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Author Topic: Peer coaching -- good or bad?  (Read 291 times)
phoenix13
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« on: May 18, 2013, 10:06:40 AM »

A lot of college teams simply don't have the resources to pay for regular, professional coaching. As a result,many teams use more experienced team members as peer teachers/coaches of beginner team members, thereby saving lots of cash while providing instruction for newer members of the teams.

Have you experienced this?  Or, even if not, what do you think are possible pros ad cons of such a set-up?  Ar there other alternatives for getting effective instruction for college teams?
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millitiz
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Posts: 220


« Reply #1 on: May 18, 2013, 10:48:38 PM »

Yes, I "grew up" with such system. Well, a bit of a hybrid, I guess.

One of the main benefits is of course the money. Student instructors are far cheaper. Also, the student instructor could teach some "mundane work" (such as routines/steps, basic techniques) so that when the pro comes, s/he could work on the more important issues instead of using the precious time to teach steps. Ideally, we would like to have pros at our side for all lessons, and practices. But seriously, it is really quite a waste of pros' time.

And if you are fortunate enough to have a high level student instructor (let's say prechamp, champ level), then one could learn a lot of things. I was fortunate to experience such group lessons. The instructor was a prechamp latin dancer. While she is an Asian (American), she taught the class in the "Russian style": which involves lots of yelling, shouting, pushing, drills, and sweat Wink. I improved so much during that semester/year and I am very grateful for those "boot camps". I think some pushing really helps us to get better faster.

Of course, there is always the fear that the instructor could teach something wrong. But since they basically only teach simple things, they can't get all too wrong. I mean, a heel lead is a heel lead. You can't go way too wrong on that.
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QPO
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« Reply #2 on: May 19, 2013, 03:37:36 AM »

well I believe that Arthur Murray principle was that the teacher was not that far ahead of the student. I believe the best thing you can do for a beginner is give them the road map, which is what often the associate coach does. When they student has progressed then move them on to someone more advanced. It can save people a lot of money  and the more experienced coach can spend their time better is finessing/grooming the next level dancer.
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elisedance
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« Reply #3 on: March 24, 2014, 07:29:01 PM »

I think that usually its near disasterous.  Lessons from someone that can not really dance can set you back rather than put you forward - and may well be harmful to your body.  The whole point of dancesport is that it mazimizes what two people can do together dancing while minimizing risk. 

If I were starting again and knew what I do now I would not go ANYWHERE NEAR such incompetent coaches.  Why do that when for a few dollars more you can get real training from real pros.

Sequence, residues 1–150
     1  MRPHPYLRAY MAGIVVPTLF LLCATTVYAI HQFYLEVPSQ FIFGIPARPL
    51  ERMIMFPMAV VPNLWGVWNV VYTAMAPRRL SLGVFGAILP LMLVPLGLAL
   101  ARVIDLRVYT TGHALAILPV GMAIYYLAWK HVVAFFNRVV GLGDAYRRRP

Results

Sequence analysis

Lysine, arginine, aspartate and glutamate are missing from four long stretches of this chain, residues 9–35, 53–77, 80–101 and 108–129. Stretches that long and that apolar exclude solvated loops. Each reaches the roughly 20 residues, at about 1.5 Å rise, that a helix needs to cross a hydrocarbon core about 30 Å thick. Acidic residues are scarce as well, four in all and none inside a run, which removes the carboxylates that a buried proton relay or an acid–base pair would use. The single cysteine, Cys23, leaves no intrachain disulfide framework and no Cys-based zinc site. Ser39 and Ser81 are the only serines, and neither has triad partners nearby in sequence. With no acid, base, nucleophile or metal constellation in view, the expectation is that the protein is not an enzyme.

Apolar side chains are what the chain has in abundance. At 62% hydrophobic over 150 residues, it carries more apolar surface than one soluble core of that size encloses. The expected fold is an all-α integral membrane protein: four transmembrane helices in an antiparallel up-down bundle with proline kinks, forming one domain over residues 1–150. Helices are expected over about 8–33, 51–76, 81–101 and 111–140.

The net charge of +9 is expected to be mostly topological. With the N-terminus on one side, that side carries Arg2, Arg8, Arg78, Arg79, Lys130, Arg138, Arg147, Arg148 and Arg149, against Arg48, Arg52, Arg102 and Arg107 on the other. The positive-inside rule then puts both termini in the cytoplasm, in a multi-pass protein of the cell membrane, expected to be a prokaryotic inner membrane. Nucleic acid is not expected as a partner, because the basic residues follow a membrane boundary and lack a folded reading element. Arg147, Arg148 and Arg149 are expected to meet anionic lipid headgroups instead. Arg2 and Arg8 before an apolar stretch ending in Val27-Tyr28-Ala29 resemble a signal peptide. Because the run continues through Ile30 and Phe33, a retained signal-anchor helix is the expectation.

Sorry, my bit...
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QPO
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Adelaide South Australia


« Reply #4 on: March 24, 2014, 09:51:27 PM »

I dont necessary support the Arthur Murray philosophy but in Dance-sport we have an Associate Coach who works under the guidance of a professional. To be an associate coach you  have to do tests in the three styles on offer in Australia. I would not support someone who has no dance training at all . But to be taught by the associate teacher will give a lower cost for someone coming into dancing. Bad habits should not take a lifetime to leave the brain with clear instructions.
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elisedance
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« Reply #5 on: April 09, 2014, 11:29:30 AM »

If I was starting now I'd pay premium for the best teacher I could afford.  The biggest mistake in ANY activity is to think that the basic elements are the most easily taught - in fact it is always the opposite.
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If you must leave the house, go build a home...

The limit of your love is also the limit of your art...
QPO
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Adelaide South Australia


« Reply #6 on: April 10, 2014, 12:46:15 AM »

If I was starting now I'd pay premium for the best teacher I could afford.  The biggest mistake in ANY activity is to think that the basic elements are the most easily taught - in fact it is always the opposite.

yes but that thinking is with hindsight.....which always helps. but research is good and ask questions from others.
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elisedance
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« Reply #7 on: April 10, 2014, 05:23:42 AM »

If I was starting now I'd pay premium for the best teacher I could afford.  The biggest mistake in ANY activity is to think that the basic elements are the most easily taught - in fact it is always the opposite.

yes but that thinking is with hindsight.....which always helps. but research is good and ask questions from others.
Perhaps one person will read this and save themselves a LOT of wasted time and money Smiley
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If you must leave the house, go build a home...

The limit of your love is also the limit of your art...
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